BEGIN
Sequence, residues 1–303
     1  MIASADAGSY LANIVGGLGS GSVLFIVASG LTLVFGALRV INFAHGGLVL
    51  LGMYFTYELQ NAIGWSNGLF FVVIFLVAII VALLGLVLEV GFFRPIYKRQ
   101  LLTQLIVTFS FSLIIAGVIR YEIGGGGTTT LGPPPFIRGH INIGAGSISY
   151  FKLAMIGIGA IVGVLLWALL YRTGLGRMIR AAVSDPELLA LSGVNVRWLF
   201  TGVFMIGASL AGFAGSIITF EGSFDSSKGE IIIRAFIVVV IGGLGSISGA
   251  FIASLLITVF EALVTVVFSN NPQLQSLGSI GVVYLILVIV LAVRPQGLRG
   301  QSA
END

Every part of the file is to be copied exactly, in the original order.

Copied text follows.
Sequence, residues 1–303
     1  MIASADAGSY LANIVGGLGS GSVLFIVASG LTLVFGALRV INFAHGGLVL
    51  LGMYFTYELQ NAIGWSNGLF FVVIFLVAII VALLGLVLEV GFFRPIYKRQ
   101  LLTQLIVTFS FSLIIAGVIR YEIGGGGTTT LGPPPFIRGH INIGAGSISY
   151  FKLAMIGIGA IVGVLLWALL YRTGLGRMIR AAVSDPELLA LSGVNVRWLF
   201  TGVFMIGASL AGFAGSIITF EGSFDSSKGE IIIRAFIVVV IGGLGSISGA
   251  FIASLLITVF EALVTVVFSN NPQLQSLGSI GVVYLILVIV LAVRPQGLRG
   301  QSA